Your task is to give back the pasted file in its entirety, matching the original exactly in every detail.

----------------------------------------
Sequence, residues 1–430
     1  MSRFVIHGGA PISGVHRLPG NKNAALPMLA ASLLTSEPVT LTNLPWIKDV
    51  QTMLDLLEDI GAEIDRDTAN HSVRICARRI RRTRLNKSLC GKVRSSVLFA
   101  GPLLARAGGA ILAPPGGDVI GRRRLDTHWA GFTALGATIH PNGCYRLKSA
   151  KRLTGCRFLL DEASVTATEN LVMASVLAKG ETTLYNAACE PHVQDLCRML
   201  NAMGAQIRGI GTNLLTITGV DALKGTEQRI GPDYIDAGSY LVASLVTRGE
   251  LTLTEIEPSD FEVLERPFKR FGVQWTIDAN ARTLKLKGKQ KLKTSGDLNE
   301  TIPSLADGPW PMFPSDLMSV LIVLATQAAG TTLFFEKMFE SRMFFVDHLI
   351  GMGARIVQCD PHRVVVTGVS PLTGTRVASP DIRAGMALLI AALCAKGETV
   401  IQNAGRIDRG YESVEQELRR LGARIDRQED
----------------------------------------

Sequence, residues 1–430
     1  MSRFVIHGGA PISGVHRLPG NKNAALPMLA ASLLTSEPVT LTNLPWIKDV
    51  QTMLDLLEDI GAEIDRDTAN HSVRICARRI RRTRLNKSLC GKVRSSVLFA
   101  GPLLARAGGA ILAPPGGDVI GRRRLDTHWA GFTALGATIH PNGCYRLKSA
   151  KRLTGCRFLL DEASVTATEN LVMASVLAKG ETTLYNAACE PHVQDLCRML
   201  NAMGAQIRGI GTNLLTITGV DALKGTEQRI GPDYIDAGSY LVASLVTRGE
   251  LTLTEIEPSD FEVLERPFKR FGVQWTIDAN ARTLKLKGKQ KLKTSGDLNE
   301  TIPSLADGPW PMFPSDLMSV LIVLATQAAG TTLFFEKMFE SRMFFVDHLI
   351  GMGARIVQCD PHRVVVTGVS PLTGTRVASP DIRAGMALLI AALCAKGETV
   401  IQNAGRIDRG YESVEQELRR LGARIDRQED